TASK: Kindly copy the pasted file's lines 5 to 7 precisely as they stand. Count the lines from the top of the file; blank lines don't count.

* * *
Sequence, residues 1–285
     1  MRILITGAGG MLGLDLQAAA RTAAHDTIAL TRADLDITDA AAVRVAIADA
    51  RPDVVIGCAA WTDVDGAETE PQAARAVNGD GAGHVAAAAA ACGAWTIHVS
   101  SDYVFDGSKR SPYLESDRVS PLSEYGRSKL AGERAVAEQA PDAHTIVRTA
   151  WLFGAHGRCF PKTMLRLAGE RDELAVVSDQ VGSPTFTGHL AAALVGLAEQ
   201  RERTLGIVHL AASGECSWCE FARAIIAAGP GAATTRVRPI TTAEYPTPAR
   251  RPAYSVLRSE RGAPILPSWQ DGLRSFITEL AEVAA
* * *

   151  WLFGAHGRCF PKTMLRLAGE RDELAVVSDQ VGSPTFTGHL AAALVGLAEQ
   201  RERTLGIVHL AASGECSWCE FARAIIAAGP GAATTRVRPI TTAEYPTPAR
   251  RPAYSVLRSE RGAPILPSWQ DGLRSFITEL AEVAA